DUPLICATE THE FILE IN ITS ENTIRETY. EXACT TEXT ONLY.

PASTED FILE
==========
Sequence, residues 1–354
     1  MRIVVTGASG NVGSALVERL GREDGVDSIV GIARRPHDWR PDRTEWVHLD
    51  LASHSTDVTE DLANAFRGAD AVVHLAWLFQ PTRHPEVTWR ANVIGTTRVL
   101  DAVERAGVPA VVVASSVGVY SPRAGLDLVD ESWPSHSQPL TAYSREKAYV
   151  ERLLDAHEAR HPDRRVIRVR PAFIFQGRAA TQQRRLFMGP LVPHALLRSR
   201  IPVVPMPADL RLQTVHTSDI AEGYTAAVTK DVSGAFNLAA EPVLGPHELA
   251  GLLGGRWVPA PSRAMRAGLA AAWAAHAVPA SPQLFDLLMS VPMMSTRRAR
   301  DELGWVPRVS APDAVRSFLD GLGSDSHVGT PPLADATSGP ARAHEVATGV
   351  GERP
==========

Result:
Sequence, residues 1–354
     1  MRIVVTGASG NVGSALVERL GREDGVDSIV GIARRPHDWR PDRTEWVHLD
    51  LASHSTDVTE DLANAFRGAD AVVHLAWLFQ PTRHPEVTWR ANVIGTTRVL
   101  DAVERAGVPA VVVASSVGVY SPRAGLDLVD ESWPSHSQPL TAYSREKAYV
   151  ERLLDAHEAR HPDRRVIRVR PAFIFQGRAA TQQRRLFMGP LVPHALLRSR
   201  IPVVPMPADL RLQTVHTSDI AEGYTAAVTK DVSGAFNLAA EPVLGPHELA
   251  GLLGGRWVPA PSRAMRAGLA AAWAAHAVPA SPQLFDLLMS VPMMSTRRAR
   301  DELGWVPRVS APDAVRSFLD GLGSDSHVGT PPLADATSGP ARAHEVATGV
   351  GERP